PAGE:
Hard Fathers, Soft Sons PDF Print E-mail
Written by Douglas Wilson   
Thursday, 17 December 2009 10:09

Whenever we learn something, one of the important lessons to master right after that is the pitfall that awaits us as a result of what we just learned. True, if we never climb the mountain, we will never fall off it. Still, there is something to be said for climbing mountains—which should not be taken as an argument in favor of falling off them.

One of the things our effeminate age has had to learn is the importance of masculine hardness. As I learned from my father, and as I have repeated many times, soft teaching creates hard hearts, and hard teaching creates soft hearts. When the pulpits of our land are occupied by the mealy-mouthed, it is not surprising that congregations are full of the kind of hard-hearted brittleness that sin always brings with it—fractured relationships, divorces, estrangements between parents and children, and all the rest of it. And when the Word of God is declared without flinching, the result is that the people of God are responsive and tender. The jackhammer of the Word breaks up the rock hardness of sin. The Lord’s Word is a hammer that breaks the rock in pieces (Jer. 23:29).

Applying this, we can infer that soft fathers create hard, undisciplined sons, and that hard fathers create tender-hearted sons. And that is quite true, provided the fathers are hard in the right way. But there is a hardness in fathers that creates soft, effeminate sons.

Godly hardness cultivates a tender heart toward God and the things of God. Ungodly hardness creates an invertebrate pile of mush. So what kind of hardness is this latter sort? How can we recognize and avoid it?

In a nutshell, there is a hardness that gives and a hardness that demands and takes. When a father is hard because he wants to prepare his son for the world—and the world is hard—he is giving something crucial to his son. When a father is hard because he is being part of that hard world, he is robbing his son. When a father is hard for the right reasons, the central thing he is giving to his son is that right kind of hardness. When he is hard in the wrong way, he is using that hardness on his son.

The odd thing about this is that two fathers might be hard in opposite ways, given these parameters, and yet be requiring the same physical thing of their sons. The hard requirement could be to keep the grades up, or to work a very difficult summer job, or any other thing that a father might ask of his son. If it is right, then the son knows that everything is being done for his sake. If it is not right, the son knows he is being roughly handled because his father wants to suit himself.

None of this is being said as a form of modern therapy-speak, as though a difficult upbringing justifies an ungodly response. Our duties are established by Scripture, not by our childhoods. And Scripture gives us an example of sons learning a good lesson from fathers who may have provided a less-than-exemplary pattern of discipline (Heb. 12:9), and yet still we respected them. The point here is not that the wrong kind of hardness in a father gives his son a right to be soft—it does not. Rather, it is simply an observation about what frequently happens to sons of this sort of father, a father who may not want to recognize the effect he is actually having.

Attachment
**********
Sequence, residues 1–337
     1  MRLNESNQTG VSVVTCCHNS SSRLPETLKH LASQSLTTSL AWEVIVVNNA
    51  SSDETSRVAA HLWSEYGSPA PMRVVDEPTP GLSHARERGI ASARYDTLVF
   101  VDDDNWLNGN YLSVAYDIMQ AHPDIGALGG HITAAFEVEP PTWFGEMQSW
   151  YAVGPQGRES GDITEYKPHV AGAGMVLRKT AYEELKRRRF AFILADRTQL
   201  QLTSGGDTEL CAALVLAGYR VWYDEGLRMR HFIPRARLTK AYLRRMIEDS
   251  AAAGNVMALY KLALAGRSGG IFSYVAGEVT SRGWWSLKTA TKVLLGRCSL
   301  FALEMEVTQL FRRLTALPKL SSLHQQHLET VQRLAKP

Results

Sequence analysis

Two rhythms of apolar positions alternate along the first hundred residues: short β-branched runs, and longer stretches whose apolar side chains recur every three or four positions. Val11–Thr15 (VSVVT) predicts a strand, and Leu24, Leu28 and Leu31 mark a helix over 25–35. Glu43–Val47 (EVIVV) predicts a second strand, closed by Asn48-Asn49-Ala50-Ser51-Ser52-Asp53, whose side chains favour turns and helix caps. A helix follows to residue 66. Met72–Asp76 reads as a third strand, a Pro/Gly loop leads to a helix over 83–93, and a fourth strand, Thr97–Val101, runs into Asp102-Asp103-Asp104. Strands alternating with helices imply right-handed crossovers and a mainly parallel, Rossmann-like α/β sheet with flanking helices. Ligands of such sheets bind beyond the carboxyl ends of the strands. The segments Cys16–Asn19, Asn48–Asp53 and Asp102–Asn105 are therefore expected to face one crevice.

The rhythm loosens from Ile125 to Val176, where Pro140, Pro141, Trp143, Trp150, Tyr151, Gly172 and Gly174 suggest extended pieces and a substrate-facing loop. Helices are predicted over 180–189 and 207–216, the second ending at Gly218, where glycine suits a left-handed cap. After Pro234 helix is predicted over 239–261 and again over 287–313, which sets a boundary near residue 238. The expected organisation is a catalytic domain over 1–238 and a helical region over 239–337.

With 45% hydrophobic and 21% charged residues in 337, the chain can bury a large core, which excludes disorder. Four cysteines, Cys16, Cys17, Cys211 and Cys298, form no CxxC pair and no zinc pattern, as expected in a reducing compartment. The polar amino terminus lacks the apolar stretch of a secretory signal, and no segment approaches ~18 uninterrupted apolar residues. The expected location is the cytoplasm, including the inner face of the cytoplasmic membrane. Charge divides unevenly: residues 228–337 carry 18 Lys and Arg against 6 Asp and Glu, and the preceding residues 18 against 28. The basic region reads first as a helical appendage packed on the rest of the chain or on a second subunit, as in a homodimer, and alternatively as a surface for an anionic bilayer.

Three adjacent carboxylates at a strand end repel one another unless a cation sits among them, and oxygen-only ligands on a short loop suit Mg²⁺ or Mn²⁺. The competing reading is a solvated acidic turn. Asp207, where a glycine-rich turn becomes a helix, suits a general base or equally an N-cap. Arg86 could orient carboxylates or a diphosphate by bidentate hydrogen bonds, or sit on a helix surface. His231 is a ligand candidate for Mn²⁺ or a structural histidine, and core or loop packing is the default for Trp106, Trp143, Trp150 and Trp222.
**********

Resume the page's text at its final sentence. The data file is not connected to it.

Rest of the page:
As a pastor, this is a pattern I have seen multiple times. For everyone at church, the father is a stand-up guy, hard-worker, diligent, and perfectionistic. He is the guy you call when you want the job done right. The son is a waster, limp, lazy, slapdash, and irresponsible. He is not the guy you call when you want it done right. Now, how could someone who grew up under those sorts of paternal standards get away with what this kid is getting away with? This is what might be called a passive-aggressive rebellion—the son does not rebel against the hard father by getting into fist fights with him (although—different problem—that has been known to happen), but rather by playing the edges, working a piecemeal rebellion, doing jobs at 5% off, followed by 7% off, lying, making excuses, and so on. Some rebellions just erupt. Others are rebellions of attrition, which is what we see in this instance. Softness . . . going limp . . . is a very effective way to fight a war of attrition against a father who has been hard in the wrong way.

As with all other problems like this, the first step out is identifying what the problem actually was. The father who has a son like this—a son who shames him—must do more than just experience the shame. He must own it. That means that he needs to see how he contributed to the creation of something that appears to be very much unlike him. But this is just a surface appearance. All these years, the father was being hard, not because this was the way he had to be in order to serve his family. He was hard because he wanted to be, because he simply wanted to suit himself. Instead of seeing the trivial differences between himself and his son (e.g. what time they get up in the morning), he needs to learn to see the deep similarities. He has been hard because he wanted to suit himself. And his son has learned the lesson well—not the one about hardness, but the one about the importance of suiting yourself.

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